Not just attending

Wednesday, July 22, 2015




I will readily hold up my hand and admit to stuffing headphones on and traipsing the walk to work oblivious of the world around me. Dodging traffic and careening cyclists, work men, mums with pushchairs and dogs sniffing at lampposts. I just hit the play button and get in my groove and off I go.  Which is all well and good when you have somewhere to be but sometimes I’m aware that I can do it in company too. I don’t mean listening to music, I just mean switching off, disconnecting in some way. Thinking of other chores I should be doing, that bill that needs paying, those birthday cards I should send, that lasagna that needs defrosting, the to-do list sat on my desk at work.

 Usually when I’m getting ready in the morning my brain is telling me the next three steps that are coming up ahead of time, “Shoes are upstairs in the basket, while you’re there grab your phone and bring your glass of water downstairs so you don’t have to go back up.” All this while the news is going on, Jemima is running around and my other half is trying to wolf down the scalding coffee I’ve just made.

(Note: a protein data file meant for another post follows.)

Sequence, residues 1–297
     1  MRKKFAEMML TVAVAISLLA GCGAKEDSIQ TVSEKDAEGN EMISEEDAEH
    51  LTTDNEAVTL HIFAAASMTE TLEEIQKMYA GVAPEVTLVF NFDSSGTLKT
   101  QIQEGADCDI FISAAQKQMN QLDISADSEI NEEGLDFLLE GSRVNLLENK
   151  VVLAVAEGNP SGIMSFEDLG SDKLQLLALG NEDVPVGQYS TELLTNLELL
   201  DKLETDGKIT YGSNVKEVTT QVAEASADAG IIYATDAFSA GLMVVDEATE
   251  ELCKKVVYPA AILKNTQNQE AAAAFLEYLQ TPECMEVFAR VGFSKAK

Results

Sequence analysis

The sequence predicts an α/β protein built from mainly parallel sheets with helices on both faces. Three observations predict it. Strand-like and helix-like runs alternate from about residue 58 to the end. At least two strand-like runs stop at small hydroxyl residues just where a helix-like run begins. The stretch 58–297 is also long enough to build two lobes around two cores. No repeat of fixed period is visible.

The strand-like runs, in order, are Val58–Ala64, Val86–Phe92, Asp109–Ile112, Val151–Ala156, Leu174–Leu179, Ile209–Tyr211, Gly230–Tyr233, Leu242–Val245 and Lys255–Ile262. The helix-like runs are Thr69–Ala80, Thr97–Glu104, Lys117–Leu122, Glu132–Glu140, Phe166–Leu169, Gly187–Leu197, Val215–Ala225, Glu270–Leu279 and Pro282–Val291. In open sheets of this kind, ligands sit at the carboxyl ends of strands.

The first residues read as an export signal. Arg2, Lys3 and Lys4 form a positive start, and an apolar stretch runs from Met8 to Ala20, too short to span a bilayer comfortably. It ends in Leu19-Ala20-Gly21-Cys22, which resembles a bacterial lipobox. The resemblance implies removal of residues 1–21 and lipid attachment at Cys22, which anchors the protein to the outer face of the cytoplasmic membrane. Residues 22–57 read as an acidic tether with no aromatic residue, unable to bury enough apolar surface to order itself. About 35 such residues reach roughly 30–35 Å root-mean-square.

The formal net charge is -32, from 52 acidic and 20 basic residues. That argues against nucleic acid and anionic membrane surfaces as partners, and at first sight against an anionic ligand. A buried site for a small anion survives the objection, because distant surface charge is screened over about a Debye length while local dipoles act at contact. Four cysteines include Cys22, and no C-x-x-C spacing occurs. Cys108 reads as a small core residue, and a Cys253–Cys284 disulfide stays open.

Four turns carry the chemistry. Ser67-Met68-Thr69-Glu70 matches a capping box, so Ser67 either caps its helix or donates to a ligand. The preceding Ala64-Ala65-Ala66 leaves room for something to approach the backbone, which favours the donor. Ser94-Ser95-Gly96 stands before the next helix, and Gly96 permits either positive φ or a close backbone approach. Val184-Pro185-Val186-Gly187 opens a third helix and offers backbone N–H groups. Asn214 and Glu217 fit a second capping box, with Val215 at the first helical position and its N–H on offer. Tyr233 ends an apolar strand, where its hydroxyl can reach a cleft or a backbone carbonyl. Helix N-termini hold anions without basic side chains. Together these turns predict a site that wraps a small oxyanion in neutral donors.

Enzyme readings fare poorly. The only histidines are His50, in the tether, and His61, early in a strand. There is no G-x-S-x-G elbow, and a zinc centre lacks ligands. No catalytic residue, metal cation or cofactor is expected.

This is fine. Thinking ahead is fine. Showing up is fine. But when, at the end of the day you’re sat on the sofa watching True Detective and your mind won’t stop racing and thinking of eleven other things, it might be good to just mentally hit pause on those thoughts. Not in a forever sense, just in a “I’ll pop back in a bit when I have a clearer head” way.

I think meditation might be the route to finding a pausing place, I used to do it quite a bit at uni (a hang-on from a school that thought meditation would keep us calm for exams -  it did)  if anyone has any suggestions I’d love to hear them!


I guess what I’m trying to say is I want to be as present as possible. I want to be able to sit down with a friend and devote my entire time to them and really engage in the precious moments we have together. I don’t want to just make the right noises and head movements while a million other things compete for my attention. I want to be able to take mental snapshots and treasure our conversations, to learn from others and grow more fully aware of all life's little surprises and details. So from now on I am setting out to be more present. In the moment, ditching the scrolling phone screen and other distractions and just getting stuck in.

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